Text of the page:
The dance of grief and joy — My dad went home to Jesus

(Photo: Unsplash)

My daddy went home to the arms of Jesus just a few short days before Christmas. My family was given the greatest gift of time with him individually to speak the words they needed him to hear and to listen to the words he wanted to tell.

It was a gift we are beyond grateful for because we know not everyone has that time with their loved ones before they go, especially now.

So, yes, I am grateful, but I miss him.

I awoke this morning with a dance happening in my heart:

The dance of grief and joy

I can’t explain to you how they can be one. How can both exist synchronously? The mind can’t comprehend what only the heart understands…

But what I can tell you is this, I feel it: this sacred dance.

There is a celebration in heaven where my dad now stands, while simultaneously we spill sorrowful tears here on earth where he once lay.

How can I rejoice in his homecoming and bitterly weep for the hole his absence has left here in my heart? I miss my dad—terribly. My heart is broken. And yet, there is unexplainable joy in knowing without a shadow of a doubt that he is finally home in the arms of his beloved Jesus.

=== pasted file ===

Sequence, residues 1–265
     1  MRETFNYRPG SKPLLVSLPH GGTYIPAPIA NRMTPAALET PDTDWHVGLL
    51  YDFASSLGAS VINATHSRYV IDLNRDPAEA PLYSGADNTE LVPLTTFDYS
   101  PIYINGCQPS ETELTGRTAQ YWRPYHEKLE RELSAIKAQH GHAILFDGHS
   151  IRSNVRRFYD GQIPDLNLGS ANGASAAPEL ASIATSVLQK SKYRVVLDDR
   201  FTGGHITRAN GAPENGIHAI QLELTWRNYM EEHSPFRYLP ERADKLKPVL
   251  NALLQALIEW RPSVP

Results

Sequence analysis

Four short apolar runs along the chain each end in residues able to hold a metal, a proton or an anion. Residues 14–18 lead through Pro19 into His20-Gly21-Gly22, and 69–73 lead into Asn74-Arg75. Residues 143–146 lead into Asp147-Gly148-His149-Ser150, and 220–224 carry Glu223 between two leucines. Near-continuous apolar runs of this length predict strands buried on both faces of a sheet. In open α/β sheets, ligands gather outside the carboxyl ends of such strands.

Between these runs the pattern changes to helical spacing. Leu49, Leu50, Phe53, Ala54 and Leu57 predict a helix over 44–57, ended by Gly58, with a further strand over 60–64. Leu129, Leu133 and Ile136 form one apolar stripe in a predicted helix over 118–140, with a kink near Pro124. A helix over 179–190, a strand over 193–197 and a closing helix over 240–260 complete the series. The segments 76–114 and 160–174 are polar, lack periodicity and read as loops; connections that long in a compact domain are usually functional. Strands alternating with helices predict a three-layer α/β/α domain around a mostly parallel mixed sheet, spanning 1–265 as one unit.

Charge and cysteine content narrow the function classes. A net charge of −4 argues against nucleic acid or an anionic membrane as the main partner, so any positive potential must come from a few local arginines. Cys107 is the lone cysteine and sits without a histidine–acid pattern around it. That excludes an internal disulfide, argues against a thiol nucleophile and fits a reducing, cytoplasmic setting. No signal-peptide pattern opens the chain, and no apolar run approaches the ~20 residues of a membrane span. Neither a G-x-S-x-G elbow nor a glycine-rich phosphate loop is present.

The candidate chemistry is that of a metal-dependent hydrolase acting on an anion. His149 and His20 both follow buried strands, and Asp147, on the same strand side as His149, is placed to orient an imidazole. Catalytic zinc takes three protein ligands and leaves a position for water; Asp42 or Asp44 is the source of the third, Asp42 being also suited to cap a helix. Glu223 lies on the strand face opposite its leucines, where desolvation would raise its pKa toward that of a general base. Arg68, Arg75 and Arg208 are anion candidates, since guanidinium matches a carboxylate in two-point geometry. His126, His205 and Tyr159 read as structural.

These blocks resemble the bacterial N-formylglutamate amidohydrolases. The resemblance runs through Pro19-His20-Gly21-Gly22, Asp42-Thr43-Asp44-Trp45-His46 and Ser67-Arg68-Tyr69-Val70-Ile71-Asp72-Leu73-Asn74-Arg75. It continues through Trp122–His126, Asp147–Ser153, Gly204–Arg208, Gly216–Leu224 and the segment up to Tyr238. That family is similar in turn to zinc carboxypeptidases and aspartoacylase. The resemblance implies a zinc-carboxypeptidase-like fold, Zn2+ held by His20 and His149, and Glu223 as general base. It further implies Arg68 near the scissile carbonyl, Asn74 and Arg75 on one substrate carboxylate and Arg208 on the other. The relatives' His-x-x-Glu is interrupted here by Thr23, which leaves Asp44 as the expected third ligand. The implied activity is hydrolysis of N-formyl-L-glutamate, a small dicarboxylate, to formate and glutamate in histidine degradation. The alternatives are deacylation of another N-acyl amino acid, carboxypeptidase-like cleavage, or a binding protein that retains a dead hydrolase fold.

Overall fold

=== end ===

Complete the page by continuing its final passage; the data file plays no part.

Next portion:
Jehovah Rapha (the Lord that heals)—one of God’s many names—is holding my now healthy dad, while Jesus, the man of sorrows collects my tears. He is both a healer and comforter. My dad has been healed of all the pain he has ever endured, while my comforter continues to sustain and strengthen me so I can endure the fight of this life a bit longer.

Jesus, the one who came over 2,000 years ago, is still here in this painful existence. He is near to the brokenhearted and a mourner with those who weep. He is my father in heaven holding my daddy in his arms. He is both there and here all at once, he is everything, mighty and gentle—a lion and a lamb.

Jesus: the baby born to be a man that died.

For my dad.

For me.

For you.

My dad knew the God that became man that we just finished celebrating in December. The baby born in a manger became the man of sorrows that stretched his arms out on the cross.

My dad knew Jesus Christ.